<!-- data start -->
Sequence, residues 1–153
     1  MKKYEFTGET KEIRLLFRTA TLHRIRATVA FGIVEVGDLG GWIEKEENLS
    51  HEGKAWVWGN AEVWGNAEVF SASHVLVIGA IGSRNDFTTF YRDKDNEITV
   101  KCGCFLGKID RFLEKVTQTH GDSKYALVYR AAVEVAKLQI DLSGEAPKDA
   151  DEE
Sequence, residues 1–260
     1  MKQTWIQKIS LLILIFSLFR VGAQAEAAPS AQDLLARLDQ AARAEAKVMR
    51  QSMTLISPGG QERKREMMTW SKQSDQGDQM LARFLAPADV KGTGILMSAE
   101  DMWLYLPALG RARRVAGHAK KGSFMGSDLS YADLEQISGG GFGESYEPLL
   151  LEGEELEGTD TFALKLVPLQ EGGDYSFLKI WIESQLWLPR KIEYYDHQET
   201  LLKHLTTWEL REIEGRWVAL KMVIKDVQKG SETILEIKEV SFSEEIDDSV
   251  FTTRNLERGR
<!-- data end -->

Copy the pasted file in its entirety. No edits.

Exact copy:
Sequence, residues 1–153
     1  MKKYEFTGET KEIRLLFRTA TLHRIRATVA FGIVEVGDLG GWIEKEENLS
    51  HEGKAWVWGN AEVWGNAEVF SASHVLVIGA IGSRNDFTTF YRDKDNEITV
   101  KCGCFLGKID RFLEKVTQTH GDSKYALVYR AAVEVAKLQI DLSGEAPKDA
   151  DEE
Sequence, residues 1–260
     1  MKQTWIQKIS LLILIFSLFR VGAQAEAAPS AQDLLARLDQ AARAEAKVMR
    51  QSMTLISPGG QERKREMMTW SKQSDQGDQM LARFLAPADV KGTGILMSAE
   101  DMWLYLPALG RARRVAGHAK KGSFMGSDLS YADLEQISGG GFGESYEPLL
   151  LEGEELEGTD TFALKLVPLQ EGGDYSFLKI WIESQLWLPR KIEYYDHQET
   201  LLKHLTTWEL REIEGRWVAL KMVIKDVQKG SETILEIKEV SFSEEIDDSV
   251  FTTRNLERGR